Evidence Not Necessary: Detroit Prosecutor Positive That Violent Video Games Cause Crime
from the please-don't-provide-any-evidence dept
There are plenty of folks who like to blame violent video games for crime despite a lack of any real proof. As has been pointed out time and time again, just as violent video games have become more popular, incidents of violent crime keep dropping. Obviously, there may be other factors involved, but if it were true that violent video games resulted in more violent crimes, then it at least suggests there’s one heck of an additional variable that not only compensates for this increased desire for violence, but pushes the stats even further in the other direction. And, certainly, while there are some researchers who insist that studies have shown that violent video games lead to violence, every time you look at the details of those studies, you realize that the data doesn’t support the claims.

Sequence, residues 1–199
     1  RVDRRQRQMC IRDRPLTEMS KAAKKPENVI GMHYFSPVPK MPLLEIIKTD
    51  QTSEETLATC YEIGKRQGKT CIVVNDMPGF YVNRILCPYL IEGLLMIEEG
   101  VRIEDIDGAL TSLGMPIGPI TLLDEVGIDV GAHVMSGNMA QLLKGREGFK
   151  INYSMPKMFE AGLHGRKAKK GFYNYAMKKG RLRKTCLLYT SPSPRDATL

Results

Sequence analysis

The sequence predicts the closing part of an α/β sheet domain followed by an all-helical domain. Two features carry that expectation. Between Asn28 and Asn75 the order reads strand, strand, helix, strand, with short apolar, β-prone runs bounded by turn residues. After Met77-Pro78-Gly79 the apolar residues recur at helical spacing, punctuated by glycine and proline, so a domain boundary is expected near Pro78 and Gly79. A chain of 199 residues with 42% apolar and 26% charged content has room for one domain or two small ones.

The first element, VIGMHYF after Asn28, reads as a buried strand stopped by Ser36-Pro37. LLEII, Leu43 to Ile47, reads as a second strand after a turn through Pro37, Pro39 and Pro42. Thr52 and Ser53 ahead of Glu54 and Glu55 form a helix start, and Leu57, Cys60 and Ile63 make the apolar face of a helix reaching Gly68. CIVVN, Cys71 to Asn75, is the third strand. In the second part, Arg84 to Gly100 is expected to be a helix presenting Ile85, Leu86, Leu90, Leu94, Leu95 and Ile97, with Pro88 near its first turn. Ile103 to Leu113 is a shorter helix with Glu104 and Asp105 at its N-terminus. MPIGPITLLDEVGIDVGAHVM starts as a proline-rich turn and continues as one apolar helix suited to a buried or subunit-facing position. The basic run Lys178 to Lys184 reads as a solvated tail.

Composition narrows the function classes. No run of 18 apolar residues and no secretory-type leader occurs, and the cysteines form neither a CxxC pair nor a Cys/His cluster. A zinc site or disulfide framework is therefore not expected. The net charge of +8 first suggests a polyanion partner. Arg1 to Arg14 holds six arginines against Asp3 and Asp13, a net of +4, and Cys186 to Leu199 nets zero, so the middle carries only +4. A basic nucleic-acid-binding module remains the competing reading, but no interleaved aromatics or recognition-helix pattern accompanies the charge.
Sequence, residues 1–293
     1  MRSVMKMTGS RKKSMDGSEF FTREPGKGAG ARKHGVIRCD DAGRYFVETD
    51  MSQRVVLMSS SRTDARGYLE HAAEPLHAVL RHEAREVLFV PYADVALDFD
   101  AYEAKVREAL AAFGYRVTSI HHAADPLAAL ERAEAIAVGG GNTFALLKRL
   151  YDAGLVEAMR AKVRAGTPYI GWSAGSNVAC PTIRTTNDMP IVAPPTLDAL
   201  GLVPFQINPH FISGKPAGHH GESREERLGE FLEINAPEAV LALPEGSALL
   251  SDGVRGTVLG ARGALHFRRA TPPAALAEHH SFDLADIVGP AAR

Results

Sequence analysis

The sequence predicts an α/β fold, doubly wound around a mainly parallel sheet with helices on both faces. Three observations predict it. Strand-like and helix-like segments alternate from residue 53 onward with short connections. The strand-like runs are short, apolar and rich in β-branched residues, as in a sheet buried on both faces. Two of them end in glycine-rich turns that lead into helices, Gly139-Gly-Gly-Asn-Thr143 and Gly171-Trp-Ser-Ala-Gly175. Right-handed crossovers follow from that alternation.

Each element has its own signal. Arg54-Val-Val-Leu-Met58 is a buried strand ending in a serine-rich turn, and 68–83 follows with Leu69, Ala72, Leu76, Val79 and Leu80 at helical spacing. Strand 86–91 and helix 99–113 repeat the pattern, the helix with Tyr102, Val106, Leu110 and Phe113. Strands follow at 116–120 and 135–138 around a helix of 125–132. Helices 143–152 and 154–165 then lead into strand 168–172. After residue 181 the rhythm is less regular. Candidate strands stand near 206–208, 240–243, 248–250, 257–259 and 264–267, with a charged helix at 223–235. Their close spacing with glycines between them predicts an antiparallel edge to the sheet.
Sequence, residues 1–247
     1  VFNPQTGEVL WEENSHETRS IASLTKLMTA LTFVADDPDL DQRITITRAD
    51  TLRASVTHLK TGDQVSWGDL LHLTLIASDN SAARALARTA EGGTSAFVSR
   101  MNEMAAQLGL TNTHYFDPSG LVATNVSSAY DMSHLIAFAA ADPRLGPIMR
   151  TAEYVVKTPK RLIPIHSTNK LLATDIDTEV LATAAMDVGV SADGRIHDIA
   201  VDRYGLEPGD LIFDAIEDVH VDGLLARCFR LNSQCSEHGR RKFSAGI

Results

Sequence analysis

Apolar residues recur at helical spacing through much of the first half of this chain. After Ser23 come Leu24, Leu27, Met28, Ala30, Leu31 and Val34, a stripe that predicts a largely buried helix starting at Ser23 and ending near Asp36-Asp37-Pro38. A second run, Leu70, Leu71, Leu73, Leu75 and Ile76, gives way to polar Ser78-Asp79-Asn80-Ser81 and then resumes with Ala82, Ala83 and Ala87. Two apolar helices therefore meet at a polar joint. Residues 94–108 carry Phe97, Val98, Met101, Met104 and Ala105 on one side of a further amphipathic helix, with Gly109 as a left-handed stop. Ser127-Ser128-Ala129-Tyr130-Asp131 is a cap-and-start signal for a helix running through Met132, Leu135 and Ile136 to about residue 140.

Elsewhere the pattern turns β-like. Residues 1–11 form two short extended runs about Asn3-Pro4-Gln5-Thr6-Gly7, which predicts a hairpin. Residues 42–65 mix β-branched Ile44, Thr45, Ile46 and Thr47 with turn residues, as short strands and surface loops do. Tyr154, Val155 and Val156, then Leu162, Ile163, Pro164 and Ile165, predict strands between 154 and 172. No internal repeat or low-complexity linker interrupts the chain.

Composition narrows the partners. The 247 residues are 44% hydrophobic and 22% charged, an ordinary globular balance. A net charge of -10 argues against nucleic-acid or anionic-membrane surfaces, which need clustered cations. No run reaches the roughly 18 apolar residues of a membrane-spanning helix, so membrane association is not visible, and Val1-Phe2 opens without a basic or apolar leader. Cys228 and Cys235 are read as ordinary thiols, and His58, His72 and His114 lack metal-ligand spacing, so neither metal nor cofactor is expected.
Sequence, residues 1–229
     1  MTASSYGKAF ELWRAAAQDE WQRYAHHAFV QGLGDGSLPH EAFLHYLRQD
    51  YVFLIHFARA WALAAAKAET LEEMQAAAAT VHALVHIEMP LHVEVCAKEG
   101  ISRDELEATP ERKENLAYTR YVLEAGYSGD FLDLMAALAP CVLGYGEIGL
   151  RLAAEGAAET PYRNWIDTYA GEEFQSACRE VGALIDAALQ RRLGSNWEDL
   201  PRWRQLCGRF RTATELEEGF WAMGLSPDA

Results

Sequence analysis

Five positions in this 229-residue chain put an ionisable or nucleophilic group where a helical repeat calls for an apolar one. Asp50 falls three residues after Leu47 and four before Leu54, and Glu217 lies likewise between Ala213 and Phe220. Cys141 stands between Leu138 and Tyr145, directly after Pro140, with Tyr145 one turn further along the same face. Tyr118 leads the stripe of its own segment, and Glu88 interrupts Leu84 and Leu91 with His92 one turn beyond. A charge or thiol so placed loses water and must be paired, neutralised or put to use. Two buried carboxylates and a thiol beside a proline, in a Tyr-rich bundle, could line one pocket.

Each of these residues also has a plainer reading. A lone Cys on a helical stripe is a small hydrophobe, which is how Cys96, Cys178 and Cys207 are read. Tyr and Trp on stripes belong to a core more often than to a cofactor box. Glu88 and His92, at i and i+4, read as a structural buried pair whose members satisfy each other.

Still, some people react to the issue from an emotional, rather than logical, point of view. This is human nature, so it’s not that surprising. However, when someone’s job is a gov’t prosecutor, you might think she would recognize the importance of real evidence before making statements. Not so for Wayne County, Michigan (which covers Detroit) prosecutor, Kym Worthy. In an interview with Wired, Worthy notes that evidence is meaningless to her on this issue: “No one can convince me that there isn’t a link between some of the gory, gritty, horrendous crime that we’ve been seeing in the past few years, particularly in the 18-25 year old group, [and] these games.” Apparently any evidence to the contrary are just “‘silly’ arguments made to justify a ‘billion-dollar industry based on the most violent of scenarios.'” Even better, Worthy wonders why kids can’t just go play football instead of playing video games. So why is it that virtual violence encourages more violence, but actual violence in the form of football doesn’t?